Last month marked ten years since Mohammed Yusuf, founder of Boko Haram, died in police detention. His death led to the radicalisation of the sect and a declaration of Jihad against the Nigerian state.
Food Ready-to-eat Ethiopian or a Big Mac? It’s a no brainer
Americans are already familiar with Yirgacheffe and Sidama – these Ethiopian coffees are now common in outlets from boutique cafés to Starbucks.
Now young entrepreneur Hiyaw Gebreyohannes has brought Ethiopian food to their dining tables.
His company, Taste of Ethiopia, produces and packages Ethiopian dishes and sells them to supermarkets in New York, including organic foodstore Whole Foods Market.
Gebreyohannes hopes to promote healthy eating through his products.
“The appeal of Ethiopian food is that it can accommodate people with dietary restrictions, meat eaters, vegetarians and vegans alike,” he says.
The pan-cake-like bread called injera, made from a grain called teff and until recently only found in restaurants like Zed’s in Washington DC, is becoming more popular.
It is gluten free and an alternative to wheat and barley.
Taste of Ethiopia produces five dishes: gomen (collard greens), kik (yellow splitpeas), misir (spicedredlentils), yatikilt (cabbage and carrots) and injera.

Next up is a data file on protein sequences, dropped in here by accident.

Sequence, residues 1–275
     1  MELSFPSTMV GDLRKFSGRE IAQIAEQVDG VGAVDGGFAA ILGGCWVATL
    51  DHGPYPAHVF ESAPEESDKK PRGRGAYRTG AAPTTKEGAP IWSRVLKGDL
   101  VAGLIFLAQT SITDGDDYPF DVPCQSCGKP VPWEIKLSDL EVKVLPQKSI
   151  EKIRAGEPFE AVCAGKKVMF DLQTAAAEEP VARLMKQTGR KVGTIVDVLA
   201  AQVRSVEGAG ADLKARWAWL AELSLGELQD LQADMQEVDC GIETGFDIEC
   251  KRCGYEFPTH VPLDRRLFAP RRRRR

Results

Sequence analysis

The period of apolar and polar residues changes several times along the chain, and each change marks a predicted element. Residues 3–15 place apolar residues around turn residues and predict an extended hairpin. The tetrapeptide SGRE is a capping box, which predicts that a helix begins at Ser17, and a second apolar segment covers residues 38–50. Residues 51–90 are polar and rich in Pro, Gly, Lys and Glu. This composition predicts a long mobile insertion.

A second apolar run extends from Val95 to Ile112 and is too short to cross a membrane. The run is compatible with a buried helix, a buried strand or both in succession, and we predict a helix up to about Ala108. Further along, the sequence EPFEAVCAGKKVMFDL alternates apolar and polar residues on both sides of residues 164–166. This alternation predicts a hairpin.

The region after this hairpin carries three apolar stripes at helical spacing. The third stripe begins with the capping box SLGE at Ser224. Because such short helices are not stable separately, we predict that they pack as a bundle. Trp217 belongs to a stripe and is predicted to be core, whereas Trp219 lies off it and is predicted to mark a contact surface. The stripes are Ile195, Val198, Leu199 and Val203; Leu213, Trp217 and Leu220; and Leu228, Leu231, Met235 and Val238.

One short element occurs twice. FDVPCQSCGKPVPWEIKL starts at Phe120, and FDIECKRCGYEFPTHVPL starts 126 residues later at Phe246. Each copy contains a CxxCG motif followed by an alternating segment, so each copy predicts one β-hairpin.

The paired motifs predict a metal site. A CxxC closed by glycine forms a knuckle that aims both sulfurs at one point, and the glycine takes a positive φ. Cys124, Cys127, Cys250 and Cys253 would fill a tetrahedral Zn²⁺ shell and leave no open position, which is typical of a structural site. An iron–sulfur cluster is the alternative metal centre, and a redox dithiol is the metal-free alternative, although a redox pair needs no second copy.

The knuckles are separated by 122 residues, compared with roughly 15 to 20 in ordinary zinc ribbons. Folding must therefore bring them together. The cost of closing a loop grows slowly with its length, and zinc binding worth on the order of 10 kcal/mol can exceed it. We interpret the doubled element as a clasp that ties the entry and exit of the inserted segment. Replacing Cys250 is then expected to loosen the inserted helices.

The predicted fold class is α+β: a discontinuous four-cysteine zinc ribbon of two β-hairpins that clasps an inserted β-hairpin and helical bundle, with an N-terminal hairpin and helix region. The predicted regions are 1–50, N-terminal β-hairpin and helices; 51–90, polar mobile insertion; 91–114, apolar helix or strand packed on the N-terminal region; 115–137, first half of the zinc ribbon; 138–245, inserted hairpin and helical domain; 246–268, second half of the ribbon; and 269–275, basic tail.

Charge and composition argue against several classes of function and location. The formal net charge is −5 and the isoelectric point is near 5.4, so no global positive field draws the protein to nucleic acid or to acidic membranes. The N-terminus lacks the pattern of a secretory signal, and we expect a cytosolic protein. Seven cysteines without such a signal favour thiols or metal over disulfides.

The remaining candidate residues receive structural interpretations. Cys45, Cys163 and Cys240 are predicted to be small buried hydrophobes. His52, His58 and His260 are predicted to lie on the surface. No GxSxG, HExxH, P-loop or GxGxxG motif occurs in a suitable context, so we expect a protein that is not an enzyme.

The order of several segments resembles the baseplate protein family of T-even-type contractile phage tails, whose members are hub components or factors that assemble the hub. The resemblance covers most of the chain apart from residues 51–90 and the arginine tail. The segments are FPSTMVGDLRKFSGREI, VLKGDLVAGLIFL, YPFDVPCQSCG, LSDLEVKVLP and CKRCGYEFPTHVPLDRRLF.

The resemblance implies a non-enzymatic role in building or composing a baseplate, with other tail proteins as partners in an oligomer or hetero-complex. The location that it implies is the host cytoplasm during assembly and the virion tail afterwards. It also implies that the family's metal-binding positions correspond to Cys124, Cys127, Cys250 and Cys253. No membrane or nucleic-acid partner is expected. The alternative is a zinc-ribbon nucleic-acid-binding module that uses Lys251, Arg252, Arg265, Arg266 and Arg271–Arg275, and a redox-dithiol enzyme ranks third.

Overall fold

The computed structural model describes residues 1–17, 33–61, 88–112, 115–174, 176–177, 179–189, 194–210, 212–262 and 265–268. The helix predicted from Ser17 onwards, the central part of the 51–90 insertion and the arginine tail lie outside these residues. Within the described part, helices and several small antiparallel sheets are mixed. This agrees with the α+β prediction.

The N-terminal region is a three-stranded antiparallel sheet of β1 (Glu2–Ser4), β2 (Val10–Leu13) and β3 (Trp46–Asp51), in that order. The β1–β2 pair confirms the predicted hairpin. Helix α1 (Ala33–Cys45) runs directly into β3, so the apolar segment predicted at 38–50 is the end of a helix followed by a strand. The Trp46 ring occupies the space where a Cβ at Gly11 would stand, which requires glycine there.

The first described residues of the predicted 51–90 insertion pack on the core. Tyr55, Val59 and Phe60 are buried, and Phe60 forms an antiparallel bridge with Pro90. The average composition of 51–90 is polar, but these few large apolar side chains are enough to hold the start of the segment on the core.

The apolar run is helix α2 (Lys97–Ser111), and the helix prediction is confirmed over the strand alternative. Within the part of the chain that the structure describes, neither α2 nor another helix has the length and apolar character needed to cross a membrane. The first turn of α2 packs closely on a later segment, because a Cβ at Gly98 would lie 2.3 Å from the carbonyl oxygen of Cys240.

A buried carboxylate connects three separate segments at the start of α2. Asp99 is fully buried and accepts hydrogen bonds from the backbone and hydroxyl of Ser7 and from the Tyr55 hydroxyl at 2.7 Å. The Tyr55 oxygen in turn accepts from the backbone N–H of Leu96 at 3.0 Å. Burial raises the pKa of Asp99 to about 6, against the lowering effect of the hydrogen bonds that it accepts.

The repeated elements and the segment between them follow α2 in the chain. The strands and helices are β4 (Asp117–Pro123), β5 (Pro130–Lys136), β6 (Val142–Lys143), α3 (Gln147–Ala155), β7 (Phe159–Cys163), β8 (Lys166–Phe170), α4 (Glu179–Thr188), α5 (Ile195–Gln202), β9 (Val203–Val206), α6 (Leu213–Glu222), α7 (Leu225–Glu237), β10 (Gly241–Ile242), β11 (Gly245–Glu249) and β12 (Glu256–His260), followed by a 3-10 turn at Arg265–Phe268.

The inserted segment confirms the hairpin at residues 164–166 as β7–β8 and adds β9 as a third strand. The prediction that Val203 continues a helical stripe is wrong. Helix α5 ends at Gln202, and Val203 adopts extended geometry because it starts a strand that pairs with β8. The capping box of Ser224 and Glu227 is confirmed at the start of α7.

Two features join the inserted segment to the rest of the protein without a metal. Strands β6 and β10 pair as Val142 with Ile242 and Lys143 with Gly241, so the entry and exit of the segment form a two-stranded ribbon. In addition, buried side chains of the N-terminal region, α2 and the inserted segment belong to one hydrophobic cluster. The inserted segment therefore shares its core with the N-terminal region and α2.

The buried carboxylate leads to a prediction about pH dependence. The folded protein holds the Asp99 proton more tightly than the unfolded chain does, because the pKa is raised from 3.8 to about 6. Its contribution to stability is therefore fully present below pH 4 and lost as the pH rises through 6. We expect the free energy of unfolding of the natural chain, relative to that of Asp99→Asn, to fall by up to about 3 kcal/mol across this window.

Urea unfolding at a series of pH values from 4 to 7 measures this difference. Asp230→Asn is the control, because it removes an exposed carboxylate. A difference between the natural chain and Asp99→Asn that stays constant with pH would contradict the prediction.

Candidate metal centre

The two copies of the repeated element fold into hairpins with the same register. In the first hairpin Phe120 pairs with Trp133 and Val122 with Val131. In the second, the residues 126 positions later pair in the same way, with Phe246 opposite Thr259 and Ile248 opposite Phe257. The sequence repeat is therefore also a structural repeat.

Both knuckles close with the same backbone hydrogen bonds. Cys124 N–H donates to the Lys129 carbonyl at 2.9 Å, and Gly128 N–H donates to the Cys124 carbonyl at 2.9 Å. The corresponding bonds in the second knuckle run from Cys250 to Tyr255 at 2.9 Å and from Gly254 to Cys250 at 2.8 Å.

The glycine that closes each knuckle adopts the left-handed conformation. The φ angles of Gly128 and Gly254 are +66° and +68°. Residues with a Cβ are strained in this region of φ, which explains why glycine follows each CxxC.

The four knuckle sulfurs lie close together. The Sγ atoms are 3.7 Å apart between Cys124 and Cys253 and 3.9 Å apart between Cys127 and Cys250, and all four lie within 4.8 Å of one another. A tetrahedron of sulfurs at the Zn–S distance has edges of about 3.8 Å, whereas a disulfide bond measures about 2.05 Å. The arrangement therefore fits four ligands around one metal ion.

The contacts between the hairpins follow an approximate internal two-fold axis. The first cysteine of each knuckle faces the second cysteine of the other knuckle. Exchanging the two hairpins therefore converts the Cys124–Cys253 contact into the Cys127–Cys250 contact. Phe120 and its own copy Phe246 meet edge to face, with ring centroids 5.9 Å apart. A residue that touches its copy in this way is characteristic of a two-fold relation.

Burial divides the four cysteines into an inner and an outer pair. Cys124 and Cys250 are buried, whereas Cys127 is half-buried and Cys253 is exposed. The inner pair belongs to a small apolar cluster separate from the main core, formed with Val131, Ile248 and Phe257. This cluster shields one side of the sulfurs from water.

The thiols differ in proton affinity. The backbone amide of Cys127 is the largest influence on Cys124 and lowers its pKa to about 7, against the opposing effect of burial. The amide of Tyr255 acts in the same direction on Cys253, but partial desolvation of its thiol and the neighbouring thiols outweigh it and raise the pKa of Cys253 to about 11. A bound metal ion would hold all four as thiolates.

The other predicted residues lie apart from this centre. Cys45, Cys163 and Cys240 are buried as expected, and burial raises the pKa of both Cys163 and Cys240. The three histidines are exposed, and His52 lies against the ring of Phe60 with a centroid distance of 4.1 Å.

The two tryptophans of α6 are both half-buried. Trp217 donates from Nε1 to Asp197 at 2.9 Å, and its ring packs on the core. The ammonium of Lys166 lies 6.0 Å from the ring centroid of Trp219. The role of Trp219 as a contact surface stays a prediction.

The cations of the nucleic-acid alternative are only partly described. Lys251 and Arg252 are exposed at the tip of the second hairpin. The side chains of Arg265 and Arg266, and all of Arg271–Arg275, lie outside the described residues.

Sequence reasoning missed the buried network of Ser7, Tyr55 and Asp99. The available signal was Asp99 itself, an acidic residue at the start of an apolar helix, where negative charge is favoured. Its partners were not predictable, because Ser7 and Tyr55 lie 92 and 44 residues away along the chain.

In many US cities you can also find Ethiopian food on the go.
From Washington DC to San Fran- cisco, food trucks and pop-up restaurants such as New York’s Bunna Café are bringing Ethiopian food and culture to people on the streets.
This vegan travelling café run by three partners not only serves Ethiopian food but also bunna (coffee) and traditional alcoholic drinks like t’ej, a honey wine.
Its main dishes include keysir (beets, carrots and potatoes) and kedija selata (kale, lime, tomato and avocado).
Sam Saverance, a Texan who hooked up with two Ethiopians to create Bunna, says: “The best part is the look in people’s eyes when they first try it.”
With the way this trend is going, Ethiopian food could become just as popular and widespread in the US as Ethiopian coffee●